FFKR has embraced Virtual Reality and in the last year created a dedicated “VR Lounge” for engaging clients and owners. We pride ourselves in our ability to produce detailed and accurate photo-realistic renderings for the most discerning of clients. There is no question that FFKR has the skill to create at the high-level necessary for a stringent approval process required before moving forward with design and construction. Our commitment to innovation supports our clients, helps them minimize risk, increases their success thereby earning their trust has repeat clients returning to work with us. FFKR has even be hired solely for our 3D studio. Many companies know that pairing innovation with our expertise in architecture and design delivers a better product than hiring a stand-alone 3D studio.
Results of Visualization include:
- Understanding of design choices in real-time
- Avoiding costly project design changes in time and money
- Improved design efficiencies
- Educates the public and aids in raising funds
Our 3D Studio team exemplifies FFKR’s commitment to industry leaders as they continue to make themselves the experts of visualization in the Salt Lake valley. They continually progress their skills and abilities with self-study or by attending conferences to learn about and incorporate new software plug-ins, programs, and tools.
FFKR implements several layers and degrees of visualization depending on the needs and challenges of our projects. These techniques include photo-realistic rendering, fly-through, animation, and immersive virtual reality.
These are a static traditional conceptual communication for marketing purposes and primarily to communicate with the client and inform them visually of the aesthetic of the design throughout the design process.
For the Bond funding for Ogden City and Provo City School Districts, FFKR relied heavily on the conceptual 3D renderings of the schools during reach out meetings –where we displayed the conceptual images on boards for easy viewing and discussion– with the community to augment community education. The districts were both successful in passing their bonds.
Polk Elementary School
DRONES AND FLY THROUGH
Drones enable us to do fly-overs and capture video of a site quickly, where before you had to hire an aerial photographer which was quite expensive. The 3D team can track the motion of the drone exactly in world space and put it into our software where we add any 3D elements, such as a building, into the video.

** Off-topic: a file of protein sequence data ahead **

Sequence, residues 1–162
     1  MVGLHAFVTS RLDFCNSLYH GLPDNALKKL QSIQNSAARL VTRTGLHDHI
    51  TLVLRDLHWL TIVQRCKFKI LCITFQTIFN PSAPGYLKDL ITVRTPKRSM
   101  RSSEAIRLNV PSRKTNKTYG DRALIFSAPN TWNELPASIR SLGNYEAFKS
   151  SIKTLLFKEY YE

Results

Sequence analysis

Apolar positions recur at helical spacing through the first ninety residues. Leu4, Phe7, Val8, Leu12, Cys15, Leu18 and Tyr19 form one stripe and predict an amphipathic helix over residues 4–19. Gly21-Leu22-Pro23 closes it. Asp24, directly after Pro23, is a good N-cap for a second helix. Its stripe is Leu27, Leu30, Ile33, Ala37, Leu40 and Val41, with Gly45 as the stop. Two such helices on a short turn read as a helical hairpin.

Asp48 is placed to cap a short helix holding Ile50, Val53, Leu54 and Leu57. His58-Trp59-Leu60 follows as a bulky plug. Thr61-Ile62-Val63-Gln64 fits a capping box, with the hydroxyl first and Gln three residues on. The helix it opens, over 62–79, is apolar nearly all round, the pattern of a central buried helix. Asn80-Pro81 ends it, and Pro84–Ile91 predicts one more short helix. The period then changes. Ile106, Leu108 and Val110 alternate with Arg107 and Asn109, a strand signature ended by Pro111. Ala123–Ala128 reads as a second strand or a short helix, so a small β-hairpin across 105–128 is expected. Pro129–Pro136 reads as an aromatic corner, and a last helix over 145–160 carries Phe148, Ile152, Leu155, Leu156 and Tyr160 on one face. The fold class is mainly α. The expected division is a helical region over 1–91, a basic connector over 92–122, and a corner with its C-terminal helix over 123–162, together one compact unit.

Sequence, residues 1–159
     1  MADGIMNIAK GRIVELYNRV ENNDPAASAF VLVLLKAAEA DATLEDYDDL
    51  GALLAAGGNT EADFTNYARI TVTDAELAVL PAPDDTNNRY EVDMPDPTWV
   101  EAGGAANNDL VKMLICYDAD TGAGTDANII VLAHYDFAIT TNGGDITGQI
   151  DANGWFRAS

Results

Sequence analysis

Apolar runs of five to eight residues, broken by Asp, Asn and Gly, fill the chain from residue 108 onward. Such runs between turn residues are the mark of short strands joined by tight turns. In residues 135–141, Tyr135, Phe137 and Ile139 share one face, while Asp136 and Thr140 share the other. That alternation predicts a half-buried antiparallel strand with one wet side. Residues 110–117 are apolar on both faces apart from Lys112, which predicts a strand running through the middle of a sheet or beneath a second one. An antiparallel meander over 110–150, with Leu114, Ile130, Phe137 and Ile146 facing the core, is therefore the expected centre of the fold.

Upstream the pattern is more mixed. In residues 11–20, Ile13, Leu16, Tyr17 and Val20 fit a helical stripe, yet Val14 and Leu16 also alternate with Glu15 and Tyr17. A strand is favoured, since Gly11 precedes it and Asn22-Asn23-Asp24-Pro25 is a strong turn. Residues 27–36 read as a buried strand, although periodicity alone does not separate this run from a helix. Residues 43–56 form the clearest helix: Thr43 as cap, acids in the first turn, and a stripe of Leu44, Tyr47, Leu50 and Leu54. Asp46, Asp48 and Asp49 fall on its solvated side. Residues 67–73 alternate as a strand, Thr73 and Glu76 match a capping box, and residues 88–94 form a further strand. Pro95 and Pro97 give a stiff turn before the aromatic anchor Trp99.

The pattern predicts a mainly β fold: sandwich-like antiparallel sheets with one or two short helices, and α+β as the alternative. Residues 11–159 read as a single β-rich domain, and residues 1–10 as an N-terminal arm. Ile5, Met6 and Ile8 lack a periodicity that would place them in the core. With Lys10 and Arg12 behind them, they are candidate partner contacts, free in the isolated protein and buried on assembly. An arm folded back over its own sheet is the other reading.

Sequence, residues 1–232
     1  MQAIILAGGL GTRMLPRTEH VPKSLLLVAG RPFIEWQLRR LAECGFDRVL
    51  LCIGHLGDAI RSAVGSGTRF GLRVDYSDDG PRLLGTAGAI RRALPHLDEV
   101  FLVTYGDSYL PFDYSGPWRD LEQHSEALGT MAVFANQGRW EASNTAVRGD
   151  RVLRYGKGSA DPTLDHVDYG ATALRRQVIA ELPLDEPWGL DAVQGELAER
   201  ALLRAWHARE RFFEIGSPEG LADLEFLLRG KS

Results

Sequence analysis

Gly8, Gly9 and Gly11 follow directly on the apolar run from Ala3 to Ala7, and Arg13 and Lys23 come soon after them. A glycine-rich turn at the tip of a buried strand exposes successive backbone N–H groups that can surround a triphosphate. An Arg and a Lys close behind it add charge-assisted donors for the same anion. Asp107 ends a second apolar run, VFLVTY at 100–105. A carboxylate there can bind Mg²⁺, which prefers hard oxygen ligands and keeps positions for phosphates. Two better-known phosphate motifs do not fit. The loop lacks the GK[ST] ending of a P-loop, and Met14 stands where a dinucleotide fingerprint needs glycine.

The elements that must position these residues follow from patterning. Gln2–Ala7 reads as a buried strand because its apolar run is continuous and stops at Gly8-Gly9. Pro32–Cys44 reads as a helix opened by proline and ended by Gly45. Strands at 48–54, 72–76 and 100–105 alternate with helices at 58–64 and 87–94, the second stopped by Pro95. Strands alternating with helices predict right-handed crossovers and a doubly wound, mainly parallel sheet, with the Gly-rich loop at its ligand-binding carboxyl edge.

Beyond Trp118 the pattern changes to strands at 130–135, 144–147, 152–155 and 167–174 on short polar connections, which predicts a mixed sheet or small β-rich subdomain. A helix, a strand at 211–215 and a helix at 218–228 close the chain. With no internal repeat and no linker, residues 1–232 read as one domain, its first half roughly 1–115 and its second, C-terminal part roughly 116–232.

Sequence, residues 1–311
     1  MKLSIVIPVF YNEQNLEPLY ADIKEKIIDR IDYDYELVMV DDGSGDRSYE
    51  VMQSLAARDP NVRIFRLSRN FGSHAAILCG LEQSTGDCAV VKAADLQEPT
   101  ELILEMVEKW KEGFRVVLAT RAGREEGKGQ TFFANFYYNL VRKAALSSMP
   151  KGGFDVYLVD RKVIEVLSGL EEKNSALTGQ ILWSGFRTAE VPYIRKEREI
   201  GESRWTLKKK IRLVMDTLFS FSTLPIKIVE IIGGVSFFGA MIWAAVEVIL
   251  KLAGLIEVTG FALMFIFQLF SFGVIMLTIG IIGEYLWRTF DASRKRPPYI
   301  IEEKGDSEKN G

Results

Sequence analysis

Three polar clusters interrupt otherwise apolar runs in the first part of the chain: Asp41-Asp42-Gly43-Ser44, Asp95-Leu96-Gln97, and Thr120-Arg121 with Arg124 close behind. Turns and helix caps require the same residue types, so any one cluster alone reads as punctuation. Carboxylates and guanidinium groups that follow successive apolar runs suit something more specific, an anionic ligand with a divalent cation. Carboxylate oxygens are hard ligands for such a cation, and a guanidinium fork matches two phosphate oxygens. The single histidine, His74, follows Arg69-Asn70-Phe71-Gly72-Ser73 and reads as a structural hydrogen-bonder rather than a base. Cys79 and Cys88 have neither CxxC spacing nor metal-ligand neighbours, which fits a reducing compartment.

The drone video removes the need to build the surrounding environment in 3D space and quickly places the context of your building on the site. It is the same method used for creating visual effects in a movie, and our team ideally wants the realness of the video and the 3D elements to mix and appear seamless. FFKR has applied this method in the conceptual phase to show a client their selected site and the potential of their structure in the area.
Adding a moving camera through a batch of conceptual renderings of a built environment to tell more of a story. We use animation near the completion of a project as it can be an impactful medium to convey the idea or promote the coming of a project to a broad audience.
IMMERSIVE VIRTUAL REALITY
The newest and cutting-edge technology that we believe is also the most effective way to communicate the size, space, and materials of a conceptual project. VR has given us the ability to immerse our architects and clients in a building and even interact with and change it while moving (virtually) through the space before it exists.
FFKR is applying Enscape software, a Real-Time Rendering & Virtual Reality for Revit, as a design tool to export our CAD drawings into a virtual reality experience within a few minutes. This quick process allows us to get our clients into their buildings. We want our immersive virtual reality experience to be so realistic and believable that every client feels familiar in their newly built structure because they virtually have been in it several times before. This software has diminished unexpected results and is aiding us in delivering dependable outcomes to our client.